To be eligible for inclusion this review, studies had to be randomised controlled trials in any setting conducted in children from birth till the age of 1 year and in humans comparing the use of ultrasound imaging to standard palpation techniques while performing an LP. The studies needed to report on any of the primary or secondary outcomes defined below.
We excluded studies in adults, children older than 1 year of age and studies using other radiological interventions like fluoroscopy.
Outcome measures and definitions
We based our definitions on similar definitions in a similar review.17
Our primary objective was to determine whether ultrasound imaging reduces the risk of failed LPs in children in comparison with the traditional method. A failed LP occurs when there is failure to obtain cerebrospinal fluid after an LP procedure.
Our secondary objectives were to determine whether the use of ultrasound imaging has any effect on the risk of traumatic taps, number of needle reinsertion or redirection and on procedure duration. A traumatic LP was defined as visible blood aspiration or a red blood cell count (RBC) in the cerebrospinal fluid above an appropriately defined threshold. Needle redirections and reinsertions occur during the procedure and refer to any needle adjustments or full withdrawal with new skin puncture respectively during the procedure. The length of time in seconds that the procedure takes is the procedure duration.17
Data extraction was performed using a standardised data collection tool by AO and OF. Data were collected about the year of publication, country of study, population and setting, timing of ultrasound imaging (preprocedure vs real time) and type of ultrasound device. We also extracted data relevant for meta-analysis. All disagreements were resolved with consensus. We contacted authors to obtain additional or missing data.
Assessment of risk for bias
Two reviewer authors (OO and CO) independently and in duplicate assessed the risk for bias in each study using the criteria outlined in the Cochrane Handbook for Systematic Reviews of Interventions.27 The risk for bias was assessed using the following key criteria: sequence generation, allocation concealment, blinding of assessors and attrition bias. We assessed each criterion as having a low, high or unclear risk for bias. An overall risk for bias was determined for each study according to the criteria suggested by Higgins and Green.27 Disagreements were resolved by discussion and consensus.
Data synthesis and analysis
We reported the primary outcome as dichotomous data (failure: yes/no) and obtained risk ratios with 95% CIs. A risk ratio less than 1 suggests that ultrasound was better than traditional method. For the secondary outcomes, we also coded as dichotomous data calculated the risk ratio with a risk ratio less than 1 indicating benefit.27
Assessment of heterogeneity
Our findings were represented in a random effect model, and we calculated the I2 statistic, which provides useful summary of the impact of heterogeneity. We considered an I2 statistic of 50% or more as indicative of a substantial level of statistical heterogeneity.27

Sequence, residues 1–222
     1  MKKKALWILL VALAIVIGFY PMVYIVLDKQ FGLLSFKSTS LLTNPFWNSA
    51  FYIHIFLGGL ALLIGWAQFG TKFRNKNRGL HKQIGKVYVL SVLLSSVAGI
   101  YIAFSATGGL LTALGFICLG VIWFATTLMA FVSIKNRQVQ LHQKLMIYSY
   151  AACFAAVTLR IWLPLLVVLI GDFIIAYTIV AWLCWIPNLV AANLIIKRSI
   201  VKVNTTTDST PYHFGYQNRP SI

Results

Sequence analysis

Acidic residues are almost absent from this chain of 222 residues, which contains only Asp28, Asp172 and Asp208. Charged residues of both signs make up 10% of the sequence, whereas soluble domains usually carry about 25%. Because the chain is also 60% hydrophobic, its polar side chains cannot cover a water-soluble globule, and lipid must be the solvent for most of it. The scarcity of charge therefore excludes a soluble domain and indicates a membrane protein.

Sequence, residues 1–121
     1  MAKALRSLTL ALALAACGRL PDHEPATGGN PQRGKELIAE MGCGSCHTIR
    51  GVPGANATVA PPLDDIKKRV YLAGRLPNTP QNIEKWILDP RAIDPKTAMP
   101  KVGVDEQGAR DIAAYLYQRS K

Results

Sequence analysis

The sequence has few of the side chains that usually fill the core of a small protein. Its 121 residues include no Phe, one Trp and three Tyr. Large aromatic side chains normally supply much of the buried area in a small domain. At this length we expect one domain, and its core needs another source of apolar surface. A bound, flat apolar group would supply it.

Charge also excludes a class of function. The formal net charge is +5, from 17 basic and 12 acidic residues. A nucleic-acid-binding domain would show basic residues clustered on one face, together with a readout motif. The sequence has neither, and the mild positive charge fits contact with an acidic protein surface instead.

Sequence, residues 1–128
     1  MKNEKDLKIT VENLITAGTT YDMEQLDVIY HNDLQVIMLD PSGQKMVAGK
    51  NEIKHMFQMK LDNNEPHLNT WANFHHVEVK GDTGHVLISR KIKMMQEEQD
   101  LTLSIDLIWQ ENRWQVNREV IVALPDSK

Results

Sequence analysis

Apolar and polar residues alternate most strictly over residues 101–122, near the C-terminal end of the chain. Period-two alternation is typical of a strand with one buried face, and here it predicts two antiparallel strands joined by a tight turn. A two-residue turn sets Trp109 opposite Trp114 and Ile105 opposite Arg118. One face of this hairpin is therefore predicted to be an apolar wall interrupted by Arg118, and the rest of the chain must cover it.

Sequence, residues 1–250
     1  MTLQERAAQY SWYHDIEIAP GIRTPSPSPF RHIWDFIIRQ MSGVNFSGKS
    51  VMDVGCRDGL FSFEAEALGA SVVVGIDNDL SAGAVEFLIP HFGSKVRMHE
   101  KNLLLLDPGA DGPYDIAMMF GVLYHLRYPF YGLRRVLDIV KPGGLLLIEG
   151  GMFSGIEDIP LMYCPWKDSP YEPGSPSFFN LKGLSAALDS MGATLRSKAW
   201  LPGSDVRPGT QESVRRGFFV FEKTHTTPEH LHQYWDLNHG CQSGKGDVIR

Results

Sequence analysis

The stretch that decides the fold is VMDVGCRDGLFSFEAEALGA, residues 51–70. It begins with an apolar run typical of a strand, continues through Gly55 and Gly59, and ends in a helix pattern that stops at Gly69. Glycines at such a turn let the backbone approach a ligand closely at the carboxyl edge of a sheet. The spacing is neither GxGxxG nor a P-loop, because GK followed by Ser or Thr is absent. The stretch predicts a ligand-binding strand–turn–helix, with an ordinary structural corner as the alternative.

We planned to explore whether methodological differences in the studies were related to statistical heterogeneity. Whenever significant heterogeneity existed, we looked for plausible reasons to explain the difference and carried out sensitivity analysis excluding that study whenever appropriate.
We also planned subgroup analysis for the effect of ultrasound imaging by
Experience/expertise of performer (resident vs attending).
Study setting (academic/university vs non-academic/community).
Assessment of reporting/publication biases
We could not assess the risk of publication bias as planned as we had fewer than 10 studies.28
Summary of findings table and Grading of Recommendations, Assessment, Development and Evaluations (GRADE)
We graded the overall quality (certainty) of the evidence for each outcome by using the GRADE approach. The GRADE approach classifies the quality of evidence into four categories: high, moderate, low and very low, taking into account the study design, risk of bias, imprecision, inconsistency, indirectness, publication bias, large effect size, dose–response effect and confounding.29 Using this approach, we graded the quality of the evidence of the following outcomes: (1) risk of failure and (2) risk of traumatic tap. We then used the GRADE software to construct a’ Summary of findings’ table.
Results of the search
Seven hundred and fifty-three abstracts and titles were screened after duplicates were removed for potentially relevant studies. We then selected 22 articles for full-text review and further selected four studies that met criteria for inclusion in the review. The study flow is illustrated in figure 1.
Table 1 summarises the characteristics of the four included studies. The studies were published between 2015 and 2018, in English language and compared ultrasonography with palpation for LPs. In total, there were 277 participants randomly assigned to ultrasound imaging (n=136) or the traditional/palpation method (control=141). All studies were randomised trials. One study26 was published as a reply to another study, but it had enough information about its methods for inclusion in this review. All the included studies were performed in paediatric emergency departments in the USA.23–26